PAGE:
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How Advanced Beta Is Changing the Game

Part of Institutional Investor's Report on Smart Beta

The New Rules for Capturing Risk Premia

For sophisticated investors, advanced beta offers a new answer to an old question: “What is the optimal way to take and be compensated for risk?” Lying somewhere between active and index investing, advanced beta represents a new sweet spot for generating risk-adjusted returns.

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While active and traditional index strategies continue to have distinct roles to play in portfolio construction, we believe advanced beta strategies are changing the game in terms of how investors identify and take risks in their portfolios.

Simply defined, advanced beta is a rules-based approach to investing that seeks to capture specific risk premia in the marketplace, such as those historically associated with value, low volatility and small-cap stocks, or the issuer and credit risk of corporate or sovereign bonds. Advanced beta strategies combine the transparency, liquidity and flexibility of indexing with the ability to take an active view on which risk factors may outperform over time.

As a result, advanced beta portfolios are able to capture specific risk/return characteristics in a more cost-efficient package than active management. With the potential for generating attractive long-term risk-adjusted performance, advanced beta strategies may serve as an effective complement to both traditional active and index holdings. Whether investors are rebalancing away from active or index strategies, advanced beta offers the potential for improving Sharpe ratios without overpaying for performance.

From Theory to Practice

Starting in the 1970s, many researchers began to find that some of what people thought of as an active manager’s outperformance due to superior asset selection could actually be chalked up to distinct, identifiable market factors.1 Often more important than the performance of an individual stock, for example, was whether it belong to the value, low volatility or momentum category. Selection alone, the data seemed to suggest, may not fully explain their performance.2 Part of the returns an active manager delivers may be derived from general risk premia that exist in the marketplace.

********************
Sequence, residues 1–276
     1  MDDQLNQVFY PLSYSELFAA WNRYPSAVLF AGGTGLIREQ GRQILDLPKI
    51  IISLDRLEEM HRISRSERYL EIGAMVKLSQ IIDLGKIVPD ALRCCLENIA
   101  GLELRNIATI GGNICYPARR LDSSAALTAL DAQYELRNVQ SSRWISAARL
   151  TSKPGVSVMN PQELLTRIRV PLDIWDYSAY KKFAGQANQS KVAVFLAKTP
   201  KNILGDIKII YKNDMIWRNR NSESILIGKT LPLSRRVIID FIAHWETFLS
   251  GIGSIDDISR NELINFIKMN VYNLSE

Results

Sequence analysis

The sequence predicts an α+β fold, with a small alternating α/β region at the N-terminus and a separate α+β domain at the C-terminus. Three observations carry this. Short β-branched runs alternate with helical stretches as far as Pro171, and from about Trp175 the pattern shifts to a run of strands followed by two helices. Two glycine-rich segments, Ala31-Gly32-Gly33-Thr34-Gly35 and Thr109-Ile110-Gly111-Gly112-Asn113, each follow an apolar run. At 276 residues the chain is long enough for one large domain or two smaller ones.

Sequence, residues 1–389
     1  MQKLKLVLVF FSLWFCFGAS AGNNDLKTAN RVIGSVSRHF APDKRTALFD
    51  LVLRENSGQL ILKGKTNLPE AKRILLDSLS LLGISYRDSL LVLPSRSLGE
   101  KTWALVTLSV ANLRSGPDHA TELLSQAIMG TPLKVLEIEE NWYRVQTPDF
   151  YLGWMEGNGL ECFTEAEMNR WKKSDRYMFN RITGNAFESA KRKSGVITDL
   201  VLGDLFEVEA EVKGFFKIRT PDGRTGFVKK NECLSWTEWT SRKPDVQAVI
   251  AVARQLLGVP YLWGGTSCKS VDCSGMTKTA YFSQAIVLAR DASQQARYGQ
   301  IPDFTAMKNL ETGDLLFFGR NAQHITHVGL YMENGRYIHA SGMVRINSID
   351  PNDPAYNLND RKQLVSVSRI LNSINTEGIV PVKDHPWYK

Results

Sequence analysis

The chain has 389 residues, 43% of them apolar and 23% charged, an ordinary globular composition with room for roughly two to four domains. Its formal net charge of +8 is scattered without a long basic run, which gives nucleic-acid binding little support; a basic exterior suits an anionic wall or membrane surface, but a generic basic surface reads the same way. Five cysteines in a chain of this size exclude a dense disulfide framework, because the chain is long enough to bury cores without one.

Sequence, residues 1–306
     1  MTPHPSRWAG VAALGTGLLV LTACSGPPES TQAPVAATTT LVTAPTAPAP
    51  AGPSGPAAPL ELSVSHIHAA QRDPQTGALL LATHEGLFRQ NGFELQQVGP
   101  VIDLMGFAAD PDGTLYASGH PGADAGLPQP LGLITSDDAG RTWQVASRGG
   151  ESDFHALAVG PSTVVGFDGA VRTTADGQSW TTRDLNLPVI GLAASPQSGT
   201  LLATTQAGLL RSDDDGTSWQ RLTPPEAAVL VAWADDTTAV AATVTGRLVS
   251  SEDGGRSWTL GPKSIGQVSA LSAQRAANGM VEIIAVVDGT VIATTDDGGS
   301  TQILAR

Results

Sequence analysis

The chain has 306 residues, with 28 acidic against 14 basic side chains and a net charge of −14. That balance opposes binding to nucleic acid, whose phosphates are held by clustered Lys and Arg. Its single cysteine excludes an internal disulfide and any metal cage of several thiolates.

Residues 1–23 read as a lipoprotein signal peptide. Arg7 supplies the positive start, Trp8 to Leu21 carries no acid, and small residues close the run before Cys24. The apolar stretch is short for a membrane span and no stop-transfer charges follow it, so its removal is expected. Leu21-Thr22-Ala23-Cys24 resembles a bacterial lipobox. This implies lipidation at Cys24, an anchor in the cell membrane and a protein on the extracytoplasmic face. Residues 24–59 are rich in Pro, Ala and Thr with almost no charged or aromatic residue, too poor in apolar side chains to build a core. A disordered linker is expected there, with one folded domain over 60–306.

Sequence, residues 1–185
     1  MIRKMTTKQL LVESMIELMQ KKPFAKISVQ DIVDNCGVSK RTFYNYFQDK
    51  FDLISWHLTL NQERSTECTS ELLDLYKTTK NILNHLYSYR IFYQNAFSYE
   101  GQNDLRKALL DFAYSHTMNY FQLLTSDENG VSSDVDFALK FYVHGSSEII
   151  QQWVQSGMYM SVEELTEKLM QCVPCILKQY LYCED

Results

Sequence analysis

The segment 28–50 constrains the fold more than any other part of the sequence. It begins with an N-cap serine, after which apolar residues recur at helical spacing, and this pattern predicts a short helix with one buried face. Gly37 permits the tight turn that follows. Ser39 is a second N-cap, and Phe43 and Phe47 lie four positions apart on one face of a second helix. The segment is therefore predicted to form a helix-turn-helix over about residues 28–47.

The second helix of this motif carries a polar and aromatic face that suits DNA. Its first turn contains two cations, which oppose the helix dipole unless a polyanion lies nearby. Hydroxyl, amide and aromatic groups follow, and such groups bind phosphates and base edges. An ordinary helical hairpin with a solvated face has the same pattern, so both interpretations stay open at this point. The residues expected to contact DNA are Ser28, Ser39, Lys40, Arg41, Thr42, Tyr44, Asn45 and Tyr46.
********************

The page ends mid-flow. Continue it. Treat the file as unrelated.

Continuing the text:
Still, it took the financial crisis of 2008 for the day-to-day investment community to start taking up these ideas.

In the aftermath of the crisis, we have seen many investors re-examining the question of how to access the risk premia they seek. A big part of the appeal of indexing had always been the diversification it provides through holding a large number of securities. Yet, during the low point in the crisis when the broader market was down by nearly 50%, even index strategies could only offer so much protection.

At the other end of the spectrum, it was thought by many that the selective use of active management provided lower tail risk in addition to the potential for excess return over the market. The crisis highlighted the limitations of this view.

Against this backdrop, advanced beta has emerged as a way to potentially solve for the sometimes-competing objectives of the post-crisis environment. To the extent that such factors are attributable to systemic risk premia—beta, in a word—investors can capture them with simple, transparent, rules-based beta strategies and cut out the middleman.

Factoring in Specific Objectives

Still, advanced beta is not a magic bullet. It’s a tool in the hands of the investor. When considering an equity investment, for instance, looking at some common equity factors can provide a logical jumping-off point.

Factors to consider may include:

• Low-valuation stocks have outperformed high-valuation stocks over time.

• Low-volatility stocks have delivered better risk-adjusted performance than high-volatility stocks over time.

• Small-cap stocks have tended to outperform their large-cap peers over time.

• Momentum stocks associated with higher momentum have outperformed stocks with lower momentum over time.

• Quality stocks of higher-quality companies have delivered better risk-adjusted performance than stocks of lower-quality companies over time.

Investors can choose to access one factor or combine multiple risk factors within a single portfolio.

One popular combination is value, quality and low volatility. This combination theoretically creates a portfolio with lower than average valuation and volatility, and higher than average quality (measured by metrics like profitability, earnings variability and leverage). A three-factor portfolio helps to neutralize cyclical variations.

Once investors have identified the factor or factors they may be most interested in capturing, they can begin to look at the specific realities of their current holdings to consider where and how advanced beta strategies may fit in. If investors need to lower the volatility of their funded status, they would likely seek out advanced beta strategies with a distinctly different (and lower-volatility) cast than the traditional beta holdings being swapped out. Or if they have determined that they are overpaying for some of their performance, they may be looking to mimic existing active strategies, but at a better price.

Putting Investors in the Driver’s Seat

Advanced beta strategies allow investors to take true ownership and control of their investment decisions. Rather than relying on asset selection for performance, though, advanced beta seeks to capture risk premia through a rules-based approach. Investors are actively identifying the risk premia they want, while enjoying an index-like implementation of the strategy. The result is the potential for active-like returns, in a rules-based, lower-cost vehicle.